A common principle that has emerged in nonprofit fundraising through times of crisis and economic uncertainty is that the organizations who continue major fundraising efforts are much better positioned for success over those that pause activity.
A shining example of this lesson is St. Joseph’s Villa in Richmond, VA, which maintained a successful capital campaign through the Great Recession while several like-minded organizations in its area held back. In this exclusive video, Luke Driscoll, Managing Director at CCS Fundraising, chats with Kathleen Barrett, CEO of St. Joseph’s Villa, to discuss lessons learned from the 2008 campaign and how those takeaways are influencing the organization’s current fundraising strategy during the COVID-19 pandemic.
“We were able to find so many new donors during the 2008 Recession simply by reaching out and communicating immediately, and ultimately delivering on our promises,” says Kathleen.
St. Joseph’s Villa is a nonprofit dedicated to creating brighter futures for children of all socioeconomic backgrounds faced with developmental disabilities, diverse learning styles, mental health issues, and homelessness, among other challenges. Kathleen has been at the helm of St. Joseph’s since 2006, but the organization has survived countless times of crisis since opening its doors in 1834.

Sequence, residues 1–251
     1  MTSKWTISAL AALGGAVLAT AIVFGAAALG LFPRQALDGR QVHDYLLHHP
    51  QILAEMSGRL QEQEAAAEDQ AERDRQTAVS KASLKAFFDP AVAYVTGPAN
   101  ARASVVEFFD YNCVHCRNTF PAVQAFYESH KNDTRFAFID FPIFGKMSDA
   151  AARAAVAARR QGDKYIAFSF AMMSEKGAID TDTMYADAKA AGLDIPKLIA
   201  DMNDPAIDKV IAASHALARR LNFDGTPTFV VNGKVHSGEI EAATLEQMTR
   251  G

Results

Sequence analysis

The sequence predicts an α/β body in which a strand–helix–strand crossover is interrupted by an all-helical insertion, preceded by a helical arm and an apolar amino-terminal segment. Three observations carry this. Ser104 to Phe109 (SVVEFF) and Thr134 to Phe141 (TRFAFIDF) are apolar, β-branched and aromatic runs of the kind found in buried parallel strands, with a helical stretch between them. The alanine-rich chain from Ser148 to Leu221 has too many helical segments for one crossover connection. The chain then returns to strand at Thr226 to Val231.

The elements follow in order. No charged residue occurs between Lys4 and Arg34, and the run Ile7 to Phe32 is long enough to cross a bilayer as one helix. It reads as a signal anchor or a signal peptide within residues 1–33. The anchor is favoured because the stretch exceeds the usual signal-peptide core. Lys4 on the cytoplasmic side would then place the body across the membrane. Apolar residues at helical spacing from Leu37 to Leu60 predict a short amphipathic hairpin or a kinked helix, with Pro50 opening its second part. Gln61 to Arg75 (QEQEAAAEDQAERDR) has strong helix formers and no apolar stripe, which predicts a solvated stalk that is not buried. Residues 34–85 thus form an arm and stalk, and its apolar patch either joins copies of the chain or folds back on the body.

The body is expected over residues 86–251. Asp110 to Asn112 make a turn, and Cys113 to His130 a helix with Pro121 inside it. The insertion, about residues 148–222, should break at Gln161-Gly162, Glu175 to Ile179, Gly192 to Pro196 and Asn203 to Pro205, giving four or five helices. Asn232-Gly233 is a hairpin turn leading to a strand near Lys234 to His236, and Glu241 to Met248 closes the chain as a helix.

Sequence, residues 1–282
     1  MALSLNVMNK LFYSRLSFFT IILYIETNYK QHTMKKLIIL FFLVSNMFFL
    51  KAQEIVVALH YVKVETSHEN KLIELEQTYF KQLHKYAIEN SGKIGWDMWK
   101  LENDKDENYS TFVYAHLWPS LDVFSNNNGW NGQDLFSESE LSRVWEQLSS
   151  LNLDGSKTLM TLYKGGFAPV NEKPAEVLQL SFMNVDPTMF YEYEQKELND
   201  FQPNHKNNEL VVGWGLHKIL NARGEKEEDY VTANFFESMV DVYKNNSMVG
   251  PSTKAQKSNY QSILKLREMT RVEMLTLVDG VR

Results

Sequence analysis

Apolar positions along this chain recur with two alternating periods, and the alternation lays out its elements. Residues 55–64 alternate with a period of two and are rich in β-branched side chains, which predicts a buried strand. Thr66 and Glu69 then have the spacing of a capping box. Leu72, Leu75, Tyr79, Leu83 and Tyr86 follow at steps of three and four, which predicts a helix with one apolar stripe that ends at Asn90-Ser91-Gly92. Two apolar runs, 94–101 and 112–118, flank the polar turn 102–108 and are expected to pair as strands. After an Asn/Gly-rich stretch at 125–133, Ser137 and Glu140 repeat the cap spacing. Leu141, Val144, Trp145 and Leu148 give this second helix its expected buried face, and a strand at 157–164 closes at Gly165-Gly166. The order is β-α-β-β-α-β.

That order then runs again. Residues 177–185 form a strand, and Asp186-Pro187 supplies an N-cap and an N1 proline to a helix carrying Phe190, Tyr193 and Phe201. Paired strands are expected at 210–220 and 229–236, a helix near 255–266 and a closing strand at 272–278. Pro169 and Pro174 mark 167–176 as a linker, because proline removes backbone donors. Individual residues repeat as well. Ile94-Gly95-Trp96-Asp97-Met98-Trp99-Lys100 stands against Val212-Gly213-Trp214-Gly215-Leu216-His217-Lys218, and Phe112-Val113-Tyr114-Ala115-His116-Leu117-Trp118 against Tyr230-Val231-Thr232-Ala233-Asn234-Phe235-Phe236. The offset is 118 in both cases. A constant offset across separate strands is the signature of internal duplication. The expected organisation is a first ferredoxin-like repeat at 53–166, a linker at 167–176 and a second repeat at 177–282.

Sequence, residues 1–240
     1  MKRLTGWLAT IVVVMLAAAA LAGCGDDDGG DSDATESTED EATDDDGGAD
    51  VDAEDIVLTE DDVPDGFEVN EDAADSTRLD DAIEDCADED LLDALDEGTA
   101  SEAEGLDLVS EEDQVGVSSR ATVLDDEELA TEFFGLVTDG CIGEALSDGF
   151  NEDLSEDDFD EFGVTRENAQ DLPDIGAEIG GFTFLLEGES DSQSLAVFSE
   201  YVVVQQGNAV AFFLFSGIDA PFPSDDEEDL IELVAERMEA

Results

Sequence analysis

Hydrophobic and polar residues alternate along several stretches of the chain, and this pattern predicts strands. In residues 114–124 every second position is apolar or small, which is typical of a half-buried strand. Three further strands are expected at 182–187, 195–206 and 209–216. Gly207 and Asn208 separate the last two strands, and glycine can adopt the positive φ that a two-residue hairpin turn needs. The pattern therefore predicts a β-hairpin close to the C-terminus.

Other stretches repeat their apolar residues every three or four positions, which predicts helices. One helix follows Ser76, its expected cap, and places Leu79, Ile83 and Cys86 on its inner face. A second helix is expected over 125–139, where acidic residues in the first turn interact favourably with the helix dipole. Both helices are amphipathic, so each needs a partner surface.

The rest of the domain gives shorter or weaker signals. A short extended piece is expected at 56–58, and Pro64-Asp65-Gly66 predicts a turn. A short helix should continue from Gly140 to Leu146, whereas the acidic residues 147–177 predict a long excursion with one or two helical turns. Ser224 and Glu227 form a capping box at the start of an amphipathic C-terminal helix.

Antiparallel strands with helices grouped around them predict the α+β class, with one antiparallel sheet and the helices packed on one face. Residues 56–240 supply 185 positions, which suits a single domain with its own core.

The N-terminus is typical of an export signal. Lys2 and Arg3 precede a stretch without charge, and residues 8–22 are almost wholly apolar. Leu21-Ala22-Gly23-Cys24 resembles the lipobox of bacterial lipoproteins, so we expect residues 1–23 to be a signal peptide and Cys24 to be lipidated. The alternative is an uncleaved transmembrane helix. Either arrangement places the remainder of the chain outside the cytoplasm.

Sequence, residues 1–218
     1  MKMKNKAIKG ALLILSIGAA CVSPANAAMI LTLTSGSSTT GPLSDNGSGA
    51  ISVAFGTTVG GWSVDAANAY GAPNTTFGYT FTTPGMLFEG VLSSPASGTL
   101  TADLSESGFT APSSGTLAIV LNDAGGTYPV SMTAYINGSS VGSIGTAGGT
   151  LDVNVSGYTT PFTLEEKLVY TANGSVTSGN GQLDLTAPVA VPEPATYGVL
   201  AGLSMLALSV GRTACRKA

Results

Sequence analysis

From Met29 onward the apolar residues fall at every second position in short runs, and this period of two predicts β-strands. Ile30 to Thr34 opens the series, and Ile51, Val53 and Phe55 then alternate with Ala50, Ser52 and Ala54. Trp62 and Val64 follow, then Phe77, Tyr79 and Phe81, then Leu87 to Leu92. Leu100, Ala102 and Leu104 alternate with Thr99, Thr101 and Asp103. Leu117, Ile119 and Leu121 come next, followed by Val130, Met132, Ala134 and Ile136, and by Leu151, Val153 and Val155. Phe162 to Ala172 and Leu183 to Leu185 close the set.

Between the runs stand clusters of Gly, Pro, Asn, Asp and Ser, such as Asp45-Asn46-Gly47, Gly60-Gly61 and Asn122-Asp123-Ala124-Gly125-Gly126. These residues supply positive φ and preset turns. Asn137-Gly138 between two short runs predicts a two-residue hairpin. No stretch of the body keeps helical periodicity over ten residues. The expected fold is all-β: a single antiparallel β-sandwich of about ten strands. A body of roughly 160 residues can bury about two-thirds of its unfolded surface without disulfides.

“We have applied the same strategies during this crisis that we always have. We simply buckle down and show everyone that we are the strength in the storm,” says Kathleen.
This video is the second installment of a mini webinar series, 5 Leaders | 5 Questions, where leaders at CCS Fundraising sit down with executives of leading nonprofits to discuss and reflect on fundraising in challenging times. In this series, the firm’s experts will explore each executive’s experience navigating fundraising in times of crisis including the aftermath of 9/11, the Great Recession, natural disasters, as well as what they are seeing and doing amid today’s pandemic.
For more up-to-date information, visit ccsfundraising.com